J.T. Realmuto will fight for future generations in salary arbitration case against Phillies

More than once last summer, J.T. Realmuto expressed his affection for Philadelphia and said he’d one day be up for signing a long-term contract extension with the Phillies.

The specter of his upcoming salary arbitration hearing hasn’t changed his outlook.

“Not at all,” he said before the 116th annual Philadelphia Sports Writers Association banquet Monday night. “Anybody who knows about the arbitration process knows it’s business. It’s not necessarily me against the Phillies right now. There’s definitely not going to be any hard feelings there. So I feel like we’re at the same place we were two or three months ago as far as with the contract extension.”

Before the two sides go to work on a long-term contract extension, Realmuto is likely to play the 2020 season on a one-year contract. Barring an unlikely settlement, Realmuto will have his 2020 salary decided by an arbitration panel next month. He is seeking $12.4 million. The Phillies’ arbitration offer is $10 million. The arbitration panel will hear arguments from both sides then pick one number or the other.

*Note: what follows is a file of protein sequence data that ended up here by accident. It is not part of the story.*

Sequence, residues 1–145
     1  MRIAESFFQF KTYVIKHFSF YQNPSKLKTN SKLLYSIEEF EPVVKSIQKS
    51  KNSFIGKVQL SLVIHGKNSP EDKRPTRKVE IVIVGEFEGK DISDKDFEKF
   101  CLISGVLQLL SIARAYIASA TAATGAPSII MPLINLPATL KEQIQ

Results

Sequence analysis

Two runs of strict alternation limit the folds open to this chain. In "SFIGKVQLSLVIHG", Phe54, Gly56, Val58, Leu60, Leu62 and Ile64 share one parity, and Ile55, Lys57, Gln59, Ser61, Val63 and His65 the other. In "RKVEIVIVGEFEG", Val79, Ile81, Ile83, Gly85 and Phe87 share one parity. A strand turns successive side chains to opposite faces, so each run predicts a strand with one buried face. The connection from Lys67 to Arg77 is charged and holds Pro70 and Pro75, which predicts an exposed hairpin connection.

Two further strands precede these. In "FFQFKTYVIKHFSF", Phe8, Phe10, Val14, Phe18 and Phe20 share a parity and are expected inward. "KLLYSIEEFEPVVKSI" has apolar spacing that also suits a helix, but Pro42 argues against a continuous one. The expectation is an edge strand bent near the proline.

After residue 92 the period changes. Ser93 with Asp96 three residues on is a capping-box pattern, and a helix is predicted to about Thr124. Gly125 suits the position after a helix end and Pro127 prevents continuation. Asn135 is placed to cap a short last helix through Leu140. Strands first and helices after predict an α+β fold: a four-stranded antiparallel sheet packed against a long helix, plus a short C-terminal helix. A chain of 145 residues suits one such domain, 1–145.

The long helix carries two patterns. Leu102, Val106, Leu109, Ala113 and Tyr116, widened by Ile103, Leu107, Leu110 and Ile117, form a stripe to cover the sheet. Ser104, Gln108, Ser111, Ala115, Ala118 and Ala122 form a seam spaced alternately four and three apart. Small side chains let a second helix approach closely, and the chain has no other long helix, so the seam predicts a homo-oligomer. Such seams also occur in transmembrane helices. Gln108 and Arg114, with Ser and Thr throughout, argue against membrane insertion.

Realmuto knows the game. He went to arbitration with the Miami Marlins two years ago and lost.

“I have a good understanding of the process,” he said. “I know it’s not the Phillies trying to slight me. It’s more the system. There are no hard feelings there.”

Realmuto, who turns 29 in March, is coming off a season in which he solidified himself as baseball’s best catcher while making $5.9 million. He was an All-Star. He was the catcher on the inaugural All-MLB team and he won both the Gold Glove and Silver Slugger awards in the National League. He led all big-league catchers in hits, RBIs, total bases and extra-base hits while swatting a career-high 25 homers. He threw out 37 runners trying to steal, the most in the majors.

Realmuto’s 2019 season put him in a good position to win his arbitration case.

But he made it clear that this is about more than just himself.

"It’s not me against the Phillies,” he said. “It’s the system that we’re trying to fight right now.  I’m trying to go out and set a precedent for future catchers in the game and I feel like I had a season worthy of doing that so I’m going to fight for that.